Some may argue that the finance industry has already had its #MeToo moment in the mid-90s when a group of female employees from California to New York sued the giant brokerage firm Smith Barney Inc. for alleged sexual harassment, hostile work environment and job discrimination. The lawsuit prompted a number of other companies to put harassment procedures and mechanisms in place. And although we’ve reached a point where all major financial (and not only) institutions have policies for reporting harassment in place, a WealthManagement.com survey showed that 66% of the women who have been harassed or witnessed harassment did not use the protocols in place to report the incident. The list of reasons included ‘fear of retaliation and ostracism within the office, the fact that the offender was the victim’s manager or a belief that the complaint would not be taken seriously’. One respondent remembers the one time she informally addressed an instance of sexual harassment that she’s been subject to and the response she got from her management – laughter and an explanation that this was ‘the nature of the beast’.
A lot can be said about the culture within finance, or ‘the nature of the beast’. On a global scale, the financial sector suggests a culture where it’s hard for women to thrive. Long hours, the travel and the pyramid-like structure that includes a lot of junior women, but disproportionately fewer and fewer of them as you get toward the top. On top of this, financial firms and institutions are built on relationships, they value discretion, demand sacrifice and fixate on reputation. The culture in their firms could be so intimidating that some of the women that Bloomberg interviewed for example are scared that bringing a sexual harassment claim to light could permanently alienate bosses, colleagues, and even rivals. Many in finance tend to attribute it to an industry norm, believing that this is the way things get done around here and victims need to develop a thick skin and get on with their life.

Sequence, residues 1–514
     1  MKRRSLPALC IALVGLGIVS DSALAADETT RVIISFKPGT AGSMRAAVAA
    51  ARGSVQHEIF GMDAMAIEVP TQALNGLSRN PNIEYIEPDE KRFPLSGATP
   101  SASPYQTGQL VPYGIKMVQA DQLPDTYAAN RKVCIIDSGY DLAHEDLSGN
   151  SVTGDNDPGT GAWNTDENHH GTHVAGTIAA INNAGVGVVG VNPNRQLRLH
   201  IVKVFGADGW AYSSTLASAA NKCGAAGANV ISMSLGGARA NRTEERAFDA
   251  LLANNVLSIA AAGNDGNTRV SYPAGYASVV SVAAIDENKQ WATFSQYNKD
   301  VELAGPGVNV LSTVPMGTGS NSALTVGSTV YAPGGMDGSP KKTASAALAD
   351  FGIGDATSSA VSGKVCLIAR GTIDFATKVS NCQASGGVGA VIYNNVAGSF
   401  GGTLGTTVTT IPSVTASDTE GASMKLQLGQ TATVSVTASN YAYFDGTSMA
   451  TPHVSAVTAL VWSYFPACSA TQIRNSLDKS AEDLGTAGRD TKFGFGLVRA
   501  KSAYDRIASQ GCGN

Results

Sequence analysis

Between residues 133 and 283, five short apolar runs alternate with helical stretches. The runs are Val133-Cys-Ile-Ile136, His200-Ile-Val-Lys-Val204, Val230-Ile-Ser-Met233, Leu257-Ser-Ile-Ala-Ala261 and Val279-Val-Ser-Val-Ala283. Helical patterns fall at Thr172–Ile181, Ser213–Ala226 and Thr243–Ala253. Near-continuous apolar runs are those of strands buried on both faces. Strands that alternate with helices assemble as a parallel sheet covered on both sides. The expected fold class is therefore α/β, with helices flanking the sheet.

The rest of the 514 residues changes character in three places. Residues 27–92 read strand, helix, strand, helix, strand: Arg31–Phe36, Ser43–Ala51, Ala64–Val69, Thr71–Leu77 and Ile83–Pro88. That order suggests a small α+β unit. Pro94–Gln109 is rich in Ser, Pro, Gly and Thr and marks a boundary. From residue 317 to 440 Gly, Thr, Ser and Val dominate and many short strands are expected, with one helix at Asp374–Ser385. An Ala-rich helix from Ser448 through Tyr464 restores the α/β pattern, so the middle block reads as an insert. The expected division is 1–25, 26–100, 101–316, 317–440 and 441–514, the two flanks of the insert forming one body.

Alan Moore, Co-founder of XY Planning Network, a support network for advisers looking to serve next generation clients says: “There is a generation of men that simply don’t recognise harassment when they do it or when they see it. Women have been told time and time again, either verbally or through inaction, that harassment isn’t a big deal. You should just put on thicker skin and get over it. And so we haven’t given women a way to actually end the harassment without basically having to quit their job and move on.”
The unique nature of the culture makes removing oneself from the situation and moving to another company seem like the easier option – you won’t have to talk about it, you won’t have to face judgement and you won’t have to feel embarrassed. Even Sallie Krawcheck and Jacki Zehner, some of the very few women in finance who have had the bravery (and maybe the strong reputation) to open up about the traumatic experiences they have been victims to, have chosen not to ‘name and shame’ their harassers.
“You can have protocols in place that look great in theory, but if nobody is ever actually disciplined for having harassed somebody, then those protocols start to look like your complaint goes into a black hole and you never know what has happened other than you start to fear that you’ll be retaliated against”, says Eric Bachman, a Principal with Zuckerman Law and the Chair of their discrimination and retaliation practices.
“It’s really necessary for [firms] to be out in front of this and treat this like a real business problem that they need to be figuring out the solution to and giving it the appropriate prioritisation within the organisation”, Bachman continues. “And until that happens, you’re going to keep seeing sexual harassment problems in this industry.”
Arguing that every single woman working in finance has been harassed without addressing it was never my intention. I’m confident that there are countless women working in the financial services sector, who have reported the incident or whose gender has never sparked any problems – some even use it to their advantage. However, although the situation is improving, I believe the industry still has a long way to go – more women should take inspiration from women’s voices in other industries and more management teams should persuade female employees that making a complaint is not going to adversely impact their careers.